By Heather Mullinix
There's a great resource available to our students to help them learn about reading, writing and arithmetic. It can also teach those values some would say are missing in our society — perseverance, problem solving, doing your best work and trying again when you don't get something just "right."
What is this amazing resource? Our art programs.
Last week, the Cumberland County Board of Education heard a presentation on the Common Core Standards, which are currently being implemented across Tennessee. Basically, the common core standards seek to provide students with a deep understanding of key standards in math and English and language arts and to test students to see that they have a deep understanding of those principles.
And here is where those "extras" like art and music can help our students to shine. It's about more than understanding the aesthetic quality. It's about reinforcing the lessons of those more "academic" subjects and providing hands-on activities that not only help students to see those principles of math, science, social studies and history for themselves, but also to help them retain that knowledge.
I think back to fourth grade when we studied Native American cultures that pre-date the European colonization of the Americas. We were discussing cave drawings and how those provided insight into the history of these tribes and their culture. We were all given a brown paper bag and paint and instructed to make a cave drawing of our own, depicting some of our culture.
In college, one of my literature professors included at least one project where we were to take a piece of literature from our studies and translate it using art. It could be sculpture or painting or drawing. It could be a song. We could use whatever medium we wanted. Then, once that work was done, we had present our work to the class and explain why we chose to interpret the text in that particular way, including the symbolism of the imagery. It helped to understand symbolism, literary theory and taking information from a text, all key points of this new curriculum.
Recently, I was working with my mother on an art project, something new and different for the both of us. I threw up my hands and said, "I didn't realize I'd have to do math and science today."
My mom, an art teacher, looked at me and said, "Well, of course it does. Most art involves understanding of those math and science principles."
My frustration with my calculations quickly subsided as I watched our artwork take shape, and I understood a few things I might have forgotten since my days in a classroom.
A few months ago, I spoke at length with two teachers, both of whom taught math and art. It seemed a strange combination to me. Math can be rather restricting, with one right answer. Math is not subjective. Two plus two will always equal four, no matter how much or how convincingly you argue otherwise.
But, one made a great point. "Math and art are both about problem solving," she told me. That made perfect sense. You try something, experiment, and it doesn't go according to plan. That doesn't mean the experiment was a failure. It just means you have to take a look at what happened, adjust and try it again.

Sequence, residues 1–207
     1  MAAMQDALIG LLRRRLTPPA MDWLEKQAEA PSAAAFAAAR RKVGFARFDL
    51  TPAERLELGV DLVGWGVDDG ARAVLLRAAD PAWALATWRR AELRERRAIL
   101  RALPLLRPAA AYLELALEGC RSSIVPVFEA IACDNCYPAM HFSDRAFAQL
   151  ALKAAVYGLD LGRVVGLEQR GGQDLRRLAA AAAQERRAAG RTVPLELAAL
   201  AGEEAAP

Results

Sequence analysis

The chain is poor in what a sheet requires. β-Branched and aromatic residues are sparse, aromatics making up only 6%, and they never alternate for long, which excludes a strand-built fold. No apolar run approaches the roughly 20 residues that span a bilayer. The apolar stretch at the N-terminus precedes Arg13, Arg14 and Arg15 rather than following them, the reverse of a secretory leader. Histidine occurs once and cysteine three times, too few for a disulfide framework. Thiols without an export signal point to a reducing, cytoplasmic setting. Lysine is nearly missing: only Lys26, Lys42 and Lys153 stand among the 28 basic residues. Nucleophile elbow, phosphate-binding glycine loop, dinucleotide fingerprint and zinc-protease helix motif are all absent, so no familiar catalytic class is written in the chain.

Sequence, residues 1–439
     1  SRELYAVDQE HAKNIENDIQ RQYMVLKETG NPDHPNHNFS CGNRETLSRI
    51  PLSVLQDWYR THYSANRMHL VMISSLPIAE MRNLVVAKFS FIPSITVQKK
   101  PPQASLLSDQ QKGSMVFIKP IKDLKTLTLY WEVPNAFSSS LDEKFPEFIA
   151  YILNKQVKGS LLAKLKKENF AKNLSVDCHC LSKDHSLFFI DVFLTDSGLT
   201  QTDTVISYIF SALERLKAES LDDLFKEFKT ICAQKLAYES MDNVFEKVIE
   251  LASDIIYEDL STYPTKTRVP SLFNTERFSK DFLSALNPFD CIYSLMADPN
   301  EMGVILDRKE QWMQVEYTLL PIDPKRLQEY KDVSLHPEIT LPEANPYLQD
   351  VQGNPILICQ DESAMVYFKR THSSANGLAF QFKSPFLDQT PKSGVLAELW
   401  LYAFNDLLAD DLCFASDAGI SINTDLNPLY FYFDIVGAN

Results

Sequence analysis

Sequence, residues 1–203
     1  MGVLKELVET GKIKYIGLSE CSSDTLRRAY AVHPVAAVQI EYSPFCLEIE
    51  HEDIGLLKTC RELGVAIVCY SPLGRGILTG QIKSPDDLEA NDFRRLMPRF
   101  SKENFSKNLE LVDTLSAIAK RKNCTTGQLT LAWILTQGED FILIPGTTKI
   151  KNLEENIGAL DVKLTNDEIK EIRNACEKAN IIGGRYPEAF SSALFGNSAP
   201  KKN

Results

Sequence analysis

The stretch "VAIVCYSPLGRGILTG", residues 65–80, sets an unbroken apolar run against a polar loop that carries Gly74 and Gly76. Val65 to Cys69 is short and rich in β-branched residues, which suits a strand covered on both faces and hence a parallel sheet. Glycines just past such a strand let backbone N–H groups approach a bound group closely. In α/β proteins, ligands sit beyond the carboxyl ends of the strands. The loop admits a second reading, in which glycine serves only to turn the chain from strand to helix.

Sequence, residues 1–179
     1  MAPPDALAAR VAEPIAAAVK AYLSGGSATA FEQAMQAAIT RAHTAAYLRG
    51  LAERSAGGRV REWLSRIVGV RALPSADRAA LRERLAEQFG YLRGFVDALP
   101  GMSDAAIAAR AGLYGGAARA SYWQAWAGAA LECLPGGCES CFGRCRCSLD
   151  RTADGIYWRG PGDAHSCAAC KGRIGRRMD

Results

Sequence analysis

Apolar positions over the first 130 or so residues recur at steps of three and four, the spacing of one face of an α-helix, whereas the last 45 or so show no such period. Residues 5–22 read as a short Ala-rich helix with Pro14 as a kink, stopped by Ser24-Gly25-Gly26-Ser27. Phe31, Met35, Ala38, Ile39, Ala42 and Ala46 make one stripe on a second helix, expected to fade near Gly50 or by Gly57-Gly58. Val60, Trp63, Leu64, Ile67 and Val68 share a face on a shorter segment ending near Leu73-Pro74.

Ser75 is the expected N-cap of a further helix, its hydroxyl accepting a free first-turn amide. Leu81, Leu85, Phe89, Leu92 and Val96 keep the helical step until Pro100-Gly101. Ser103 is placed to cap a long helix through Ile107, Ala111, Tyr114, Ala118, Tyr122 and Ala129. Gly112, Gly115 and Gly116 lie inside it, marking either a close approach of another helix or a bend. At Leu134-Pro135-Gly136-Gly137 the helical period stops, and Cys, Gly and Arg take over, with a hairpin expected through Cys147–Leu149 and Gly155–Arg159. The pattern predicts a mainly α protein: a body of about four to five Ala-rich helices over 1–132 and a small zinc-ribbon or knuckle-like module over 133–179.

I think that's a lesson we'd all like our students to learn.
The National Art Education Association adds that art teaches three values that are vital to a complete, well-rounded education: work, language and values.
Art teaches young people about the value of work and completing a task to the best of his or her own ability for no other reason than for the satisfaction of a job well done. It's about teaching the value of good workmanship, whether it be a painting to hang on the refrigerator or writing a report for your day job.
Art also teaches a visual language that transcends our own language. Many of the images found in artwork are iconic images and art helps provide the ability to describe, analyze and interpret those images.
Art is also tied to our values. Each artist takes their own experience and values and shares a piece of that through their work. That includes the kindergarten student cutting and pasting flowers to posterboard to the acclaimed artist whose work hangs in museums. From expressions of beauty to images of destruction and war, art helps expose students to a variety of values and concerns and how art can help express hopes for a brighter future.
A few months ago, it was announced several states would experiment with a longer school year, adding 300 hours so that struggling school districts could add more art and music instruction, as well as additional time for individualized instruction in those academic areas where students were struggling. I don't think a longer school year is the answer for those struggling schools. I think a robust art and music program starting in kindergarten can reinforce those academic standards, and there are studies that back this up. It can also make our schools much more fun for our students.
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Heather Mullinix is assistant editor of the Crossville Chronicle. Her column is published on Tuesdays. She may be reached at email@example.com.